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Learning how to build Lotus Seven replicas...together!
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PostPosted: September 23, 2017, 9:30 pm 
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Location: Pemberton, BC
Lonnie,
I wouldn't loose too much sleep over that. Although it is very desirable to have a progressive pedal, I very much doubt that many people can feel the difference of the reduced leverage. Mario, Michael and Rick Mears would know, but most of us wouldn't. As long as the majority of your pedal travel is progressive, the final bit won't make a lot of difference. At that point, you are pushing so hard, your heels will smoke.
https://www.gaskrank.tv/tv/rennstrecken ... ualmen.htm
Your problem will easily be fixed with tilting the pedal forward (or more appropriately backward towards the driver), and adjusting your pedal surface angle.
You'll be fine. :cheers:

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My build log:
viewtopic.php?f=35&t=14520&start=0
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PostPosted: September 24, 2017, 7:02 pm 
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mgkluft wrote:
Lonnie,
. . . Your problem will easily be fixed with tilting the pedal forward (or more appropriately backward towards the driver), and adjusting your pedal surface angle. . .


There's definitely something to both of those changes, Martin, but there's a little more as well.

It takes a little time to do the analysis on some of these things, but I like to feel confident I've made a good, reasoned choice. Most people wouldn't bother much further than a good guess, and that's OK if you're comfy with doing so. I'm willing to push it a little further to increase my confidence level. It's not that hard if you're willing to put a little time into things.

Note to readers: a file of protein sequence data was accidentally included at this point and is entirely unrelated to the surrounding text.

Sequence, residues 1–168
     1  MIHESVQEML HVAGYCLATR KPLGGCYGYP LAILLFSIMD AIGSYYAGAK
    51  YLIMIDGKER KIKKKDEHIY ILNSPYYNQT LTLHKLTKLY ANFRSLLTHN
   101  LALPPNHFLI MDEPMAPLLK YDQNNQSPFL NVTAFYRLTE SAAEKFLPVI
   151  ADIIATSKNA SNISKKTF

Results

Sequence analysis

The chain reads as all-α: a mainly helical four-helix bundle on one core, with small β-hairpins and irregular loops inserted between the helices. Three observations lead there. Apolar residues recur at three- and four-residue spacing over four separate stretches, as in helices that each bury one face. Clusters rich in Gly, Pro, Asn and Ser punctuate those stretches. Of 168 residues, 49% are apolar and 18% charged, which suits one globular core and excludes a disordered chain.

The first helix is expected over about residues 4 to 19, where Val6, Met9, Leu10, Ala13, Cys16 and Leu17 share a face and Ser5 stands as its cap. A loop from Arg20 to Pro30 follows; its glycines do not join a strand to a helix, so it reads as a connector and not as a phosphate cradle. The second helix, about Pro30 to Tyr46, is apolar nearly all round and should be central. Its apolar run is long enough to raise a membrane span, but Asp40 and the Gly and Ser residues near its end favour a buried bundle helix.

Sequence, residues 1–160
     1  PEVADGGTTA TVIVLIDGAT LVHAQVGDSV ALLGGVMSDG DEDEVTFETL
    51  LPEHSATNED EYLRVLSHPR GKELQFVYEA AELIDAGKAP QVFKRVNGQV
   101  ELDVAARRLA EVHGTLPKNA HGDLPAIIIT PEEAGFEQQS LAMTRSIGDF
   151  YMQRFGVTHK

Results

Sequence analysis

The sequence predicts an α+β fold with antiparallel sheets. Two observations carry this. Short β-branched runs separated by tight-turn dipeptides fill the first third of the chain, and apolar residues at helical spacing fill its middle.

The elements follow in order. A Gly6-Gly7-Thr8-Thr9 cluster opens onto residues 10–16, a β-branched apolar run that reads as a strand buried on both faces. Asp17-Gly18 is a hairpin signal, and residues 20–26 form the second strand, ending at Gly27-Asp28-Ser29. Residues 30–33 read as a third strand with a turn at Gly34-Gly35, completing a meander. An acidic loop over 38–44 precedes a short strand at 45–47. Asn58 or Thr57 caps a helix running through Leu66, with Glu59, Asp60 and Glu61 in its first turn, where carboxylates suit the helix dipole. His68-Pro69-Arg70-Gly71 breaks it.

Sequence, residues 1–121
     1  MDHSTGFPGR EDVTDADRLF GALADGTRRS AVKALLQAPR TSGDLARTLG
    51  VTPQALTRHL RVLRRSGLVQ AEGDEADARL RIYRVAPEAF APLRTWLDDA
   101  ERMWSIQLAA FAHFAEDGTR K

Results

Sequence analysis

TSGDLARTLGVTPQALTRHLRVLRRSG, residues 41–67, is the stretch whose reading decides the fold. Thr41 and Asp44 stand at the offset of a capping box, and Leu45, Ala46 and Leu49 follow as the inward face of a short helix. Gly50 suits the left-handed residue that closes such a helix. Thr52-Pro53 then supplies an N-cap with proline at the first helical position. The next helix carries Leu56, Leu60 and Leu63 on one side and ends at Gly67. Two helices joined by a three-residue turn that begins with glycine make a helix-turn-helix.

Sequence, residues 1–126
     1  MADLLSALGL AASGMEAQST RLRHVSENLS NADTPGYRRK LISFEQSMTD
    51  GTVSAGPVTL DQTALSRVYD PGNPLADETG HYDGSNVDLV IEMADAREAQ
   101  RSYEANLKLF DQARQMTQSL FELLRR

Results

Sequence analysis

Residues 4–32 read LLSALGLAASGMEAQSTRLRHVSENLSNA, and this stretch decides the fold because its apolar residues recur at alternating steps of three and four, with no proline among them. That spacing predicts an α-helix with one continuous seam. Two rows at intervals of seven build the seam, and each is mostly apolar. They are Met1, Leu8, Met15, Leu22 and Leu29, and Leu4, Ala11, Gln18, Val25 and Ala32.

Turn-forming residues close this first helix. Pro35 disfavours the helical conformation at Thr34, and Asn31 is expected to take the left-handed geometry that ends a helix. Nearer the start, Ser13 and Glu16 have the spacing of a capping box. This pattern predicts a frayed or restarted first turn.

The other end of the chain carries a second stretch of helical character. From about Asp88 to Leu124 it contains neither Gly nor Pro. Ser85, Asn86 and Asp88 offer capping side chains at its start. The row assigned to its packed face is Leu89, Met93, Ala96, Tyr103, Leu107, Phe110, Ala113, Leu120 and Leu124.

I took a print out of my pedal design, full size. If you have a modern dot matrix or laser printer, these printouts are very accurate. That I glued to some cardboard. You don't even have to do that to observe gross behavior, but I wanted to see how much the pedal moved forward at the pedal pad, and what the angle of the pedal pad would make with my shoe and the "floorboard." You could just draw out a simple vertical bar shape and carefully mark the distances between things. You'd loose visual information like the angle of the pedal pad, however. Using a small finishing nail, I attached it to a small piece of plywood through the pivot hole center mark.
Attachment:
File comment: Accurate print out glued to carboard. Nails were used at the pivot points.
Cardboard Brake Pedal-Small.jpg
Cardboard Brake Pedal-Small.jpg [ 25.69 KiB | Viewed 397 times ]


I cut out a rectangular piece of carboard 4-1/2" long by 5/16" wide to act as the plunger rod. With the card plunger stand-in, I put a brad through it into the center of the balance bar pivot point (the center of the tube/rod combo in real life) on my printout and let the loose end ride atop a small, thin, piece of 1/8" thick wood trim that is flat and square that the plunger rod slid along. So the block of wood stood in for the end of the master cylinder, but the cardboard rod was not restrained.

With the rod level at the start, I just rotated the pedal and could easily observe through tick marks on the rod and plywood how far the rod moved forward as the pedal turned. It was also easy to see when the majority of the pedal movement started to go downward as the rigid card rod started to rotate up off the wood block and you could see the pedal end sink below horizontal. I got about 7/16" (+/-) 1/16" of travel before the "over center" behavior started. That's less than half the full travel of the master cylinder. I don't feel like that's enough for safety.